Ciao! Salve!

Posted on 22. Oct, 2008 by in Culture, Grammar

 Ciao is probably the best known Italian greeting in the world. It’s an informal form used at any time of the day, both when you meet and when you leave somebody (it means “hello” as well as “goodbye”). However, as it’s informal you shouldn’t use ciao in a formal situation, i.e. when you use Lei.

But this wasn’t always the case, the word ciao has a Venetian origin, and it comes from s-ciao, which in turns comes from s-ciavo, short for [sono vostro] schiavo (lit. I am your slave!).

 On the other hand salve is probably the least known Italian greeting (we never teach it to our students of Italian!) but a very useful one indeed. Salve comes from the Latin verb salvere (lit. to be well, to be in good health). It can be very friendly, e.g. Salve! Come va? (lit. Hi! How’s it going?), but on its own it’s also a polite form of greeting without being too formal. It’s very commonly used as a form of salutation, (in fact the word salutation itself comes from the same root: salute). So for example when you are out walking in the countryside and you meet somebody you don’t know salve is a very good alternative to buongiorno. Like ciao, salve can be used at any time of the day, but salve cannot be used when parting.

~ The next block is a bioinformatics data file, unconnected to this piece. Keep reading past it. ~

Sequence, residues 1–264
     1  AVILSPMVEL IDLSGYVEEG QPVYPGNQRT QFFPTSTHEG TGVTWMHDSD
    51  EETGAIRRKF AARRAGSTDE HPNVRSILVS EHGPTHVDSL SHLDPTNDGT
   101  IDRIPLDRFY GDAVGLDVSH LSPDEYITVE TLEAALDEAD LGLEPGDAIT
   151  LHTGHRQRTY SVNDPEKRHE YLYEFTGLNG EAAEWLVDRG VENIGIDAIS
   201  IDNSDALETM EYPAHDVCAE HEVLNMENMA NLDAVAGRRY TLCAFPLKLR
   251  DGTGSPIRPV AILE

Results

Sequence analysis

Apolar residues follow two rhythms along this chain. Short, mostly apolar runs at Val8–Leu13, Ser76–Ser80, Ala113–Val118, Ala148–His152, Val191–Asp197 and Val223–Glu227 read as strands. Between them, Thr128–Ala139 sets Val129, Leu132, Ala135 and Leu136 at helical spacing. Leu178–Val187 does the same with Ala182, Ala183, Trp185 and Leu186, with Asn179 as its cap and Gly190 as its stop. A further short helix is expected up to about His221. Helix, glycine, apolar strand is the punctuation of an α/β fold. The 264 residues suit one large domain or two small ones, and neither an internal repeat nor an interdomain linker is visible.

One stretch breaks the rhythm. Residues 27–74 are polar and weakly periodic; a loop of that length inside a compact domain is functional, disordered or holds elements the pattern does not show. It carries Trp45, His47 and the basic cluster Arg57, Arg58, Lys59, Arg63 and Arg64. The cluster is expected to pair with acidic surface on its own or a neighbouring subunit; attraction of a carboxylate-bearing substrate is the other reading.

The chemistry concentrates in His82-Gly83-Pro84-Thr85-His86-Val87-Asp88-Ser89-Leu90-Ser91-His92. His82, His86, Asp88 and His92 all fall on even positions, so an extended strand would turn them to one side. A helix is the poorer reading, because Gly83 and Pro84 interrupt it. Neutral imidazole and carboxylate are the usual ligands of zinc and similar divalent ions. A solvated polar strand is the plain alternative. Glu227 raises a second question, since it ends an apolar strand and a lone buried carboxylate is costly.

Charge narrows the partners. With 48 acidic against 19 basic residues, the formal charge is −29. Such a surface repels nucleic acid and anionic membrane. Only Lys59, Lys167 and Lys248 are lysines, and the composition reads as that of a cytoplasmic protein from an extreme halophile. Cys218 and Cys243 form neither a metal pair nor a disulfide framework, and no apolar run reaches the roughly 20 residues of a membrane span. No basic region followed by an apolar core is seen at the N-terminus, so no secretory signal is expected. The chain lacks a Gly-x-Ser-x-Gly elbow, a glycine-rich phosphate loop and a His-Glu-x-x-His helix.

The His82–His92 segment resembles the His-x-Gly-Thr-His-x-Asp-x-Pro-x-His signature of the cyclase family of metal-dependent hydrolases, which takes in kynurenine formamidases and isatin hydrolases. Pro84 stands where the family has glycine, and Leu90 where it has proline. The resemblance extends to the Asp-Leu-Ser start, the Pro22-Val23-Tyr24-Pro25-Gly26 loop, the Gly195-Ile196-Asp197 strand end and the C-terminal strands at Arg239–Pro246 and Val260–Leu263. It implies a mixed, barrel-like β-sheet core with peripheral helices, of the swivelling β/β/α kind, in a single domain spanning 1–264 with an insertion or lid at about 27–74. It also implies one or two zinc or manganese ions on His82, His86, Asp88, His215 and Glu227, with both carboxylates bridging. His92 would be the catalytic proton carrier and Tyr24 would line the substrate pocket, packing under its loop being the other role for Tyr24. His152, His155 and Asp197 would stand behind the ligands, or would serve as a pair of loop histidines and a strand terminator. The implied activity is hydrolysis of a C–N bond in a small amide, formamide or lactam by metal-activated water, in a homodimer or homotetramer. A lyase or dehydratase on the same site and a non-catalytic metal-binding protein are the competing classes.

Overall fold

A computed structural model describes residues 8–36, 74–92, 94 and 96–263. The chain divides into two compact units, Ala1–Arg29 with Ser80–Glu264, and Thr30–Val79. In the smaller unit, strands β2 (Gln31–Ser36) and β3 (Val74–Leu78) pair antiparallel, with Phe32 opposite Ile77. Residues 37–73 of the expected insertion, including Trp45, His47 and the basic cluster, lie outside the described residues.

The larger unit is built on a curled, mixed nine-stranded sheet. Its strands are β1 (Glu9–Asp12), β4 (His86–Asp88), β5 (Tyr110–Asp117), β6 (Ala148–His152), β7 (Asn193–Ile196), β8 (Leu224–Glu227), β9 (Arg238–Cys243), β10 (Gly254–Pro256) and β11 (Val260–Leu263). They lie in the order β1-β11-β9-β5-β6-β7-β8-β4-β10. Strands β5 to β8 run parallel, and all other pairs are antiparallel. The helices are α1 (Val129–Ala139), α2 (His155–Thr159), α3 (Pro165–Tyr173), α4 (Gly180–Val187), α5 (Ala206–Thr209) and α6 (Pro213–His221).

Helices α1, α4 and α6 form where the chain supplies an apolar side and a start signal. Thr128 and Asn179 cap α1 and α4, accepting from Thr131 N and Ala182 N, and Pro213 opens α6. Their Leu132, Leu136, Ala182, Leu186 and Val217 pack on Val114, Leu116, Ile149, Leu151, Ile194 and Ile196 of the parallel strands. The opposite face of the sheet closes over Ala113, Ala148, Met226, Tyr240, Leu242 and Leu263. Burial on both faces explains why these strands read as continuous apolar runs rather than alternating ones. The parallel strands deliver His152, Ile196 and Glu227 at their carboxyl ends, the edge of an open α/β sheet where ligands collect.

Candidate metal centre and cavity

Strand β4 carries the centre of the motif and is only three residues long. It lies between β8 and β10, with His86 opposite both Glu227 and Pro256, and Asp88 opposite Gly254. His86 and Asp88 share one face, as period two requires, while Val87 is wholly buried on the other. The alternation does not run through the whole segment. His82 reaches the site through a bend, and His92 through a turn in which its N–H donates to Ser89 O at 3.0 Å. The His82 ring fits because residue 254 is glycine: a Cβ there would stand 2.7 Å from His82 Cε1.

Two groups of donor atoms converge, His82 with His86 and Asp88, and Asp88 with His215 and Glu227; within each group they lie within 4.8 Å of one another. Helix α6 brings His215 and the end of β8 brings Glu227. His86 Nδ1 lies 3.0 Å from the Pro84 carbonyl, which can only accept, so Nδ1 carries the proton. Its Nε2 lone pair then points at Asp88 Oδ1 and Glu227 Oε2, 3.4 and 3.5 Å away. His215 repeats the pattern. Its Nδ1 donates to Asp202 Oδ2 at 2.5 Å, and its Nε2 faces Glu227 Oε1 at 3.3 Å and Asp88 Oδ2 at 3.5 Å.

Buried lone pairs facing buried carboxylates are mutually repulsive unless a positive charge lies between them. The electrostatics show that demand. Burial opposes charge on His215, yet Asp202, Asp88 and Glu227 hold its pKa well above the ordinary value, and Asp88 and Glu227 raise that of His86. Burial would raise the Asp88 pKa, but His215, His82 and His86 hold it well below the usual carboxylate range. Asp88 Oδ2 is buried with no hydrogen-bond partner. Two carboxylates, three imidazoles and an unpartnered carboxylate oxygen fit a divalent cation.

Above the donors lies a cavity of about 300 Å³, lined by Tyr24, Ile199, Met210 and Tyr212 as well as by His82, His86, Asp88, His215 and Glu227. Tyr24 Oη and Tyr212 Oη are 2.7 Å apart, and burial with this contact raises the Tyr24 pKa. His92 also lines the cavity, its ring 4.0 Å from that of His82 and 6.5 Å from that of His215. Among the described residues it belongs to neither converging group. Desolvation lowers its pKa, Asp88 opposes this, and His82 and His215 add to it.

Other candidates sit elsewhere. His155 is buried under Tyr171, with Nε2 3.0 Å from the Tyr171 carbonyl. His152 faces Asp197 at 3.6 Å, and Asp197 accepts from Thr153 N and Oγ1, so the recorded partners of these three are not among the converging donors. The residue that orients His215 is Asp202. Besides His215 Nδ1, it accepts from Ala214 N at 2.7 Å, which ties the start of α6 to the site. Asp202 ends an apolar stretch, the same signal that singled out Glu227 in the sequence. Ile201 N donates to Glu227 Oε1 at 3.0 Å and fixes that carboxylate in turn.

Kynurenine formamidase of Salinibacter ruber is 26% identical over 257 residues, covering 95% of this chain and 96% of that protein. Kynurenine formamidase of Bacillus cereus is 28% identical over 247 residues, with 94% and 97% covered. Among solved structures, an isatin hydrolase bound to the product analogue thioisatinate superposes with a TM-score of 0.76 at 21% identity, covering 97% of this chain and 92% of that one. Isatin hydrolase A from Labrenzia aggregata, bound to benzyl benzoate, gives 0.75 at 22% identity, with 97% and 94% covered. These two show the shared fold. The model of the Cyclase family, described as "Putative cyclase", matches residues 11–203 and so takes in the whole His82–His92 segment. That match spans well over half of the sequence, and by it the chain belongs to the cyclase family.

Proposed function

So, now it’s time for me to say….CIAO!

5 Responses to “Ciao! Salve!”

  1. Nathan Maulorico 22 October 2008 at 5:08 pm #

    that was a good way to sum the meanings up, sometimes it hard to explain.

  2. natasha 22 October 2008 at 9:51 pm #

    Great post.

  3. frank 5 November 2008 at 11:18 pm #

    thank you.
    i read somewhere that salve dates back to caesar’s time.
    that got me thinking it was archaic or something.
    lol thank you for explaining what it means.
    =]

  4. Chiavaio 9 November 2011 at 9:45 am #

    It might be helpful to include what appropriate responses to ‘Salve’ would be. I’ve noticed that Italians use ‘salve’ in instances where they are weren’t expecting to encounter someone (like in your example), but what options does the other person have? Can they respond with ‘salve’? Can they respond with ‘buon giorno/buona sera’ instead? Some clarification on this point would be helpful and would be appreciated.

  5. Serena 9 November 2011 at 1:05 pm #

    Salve Chiavaio,

    The example I actually gave in my post was:

    when you are out walking in the countryside and you meet somebody you don’t know salve is a very good alternative to buongiorno

    . Ciao is only used with family and friends. Salve is a simple greeting to be used with formal acquaintances or strangers. You can reply to salve with salve, or with boungiorno/buonasera depending on the time of day.

    Saluti da Serena


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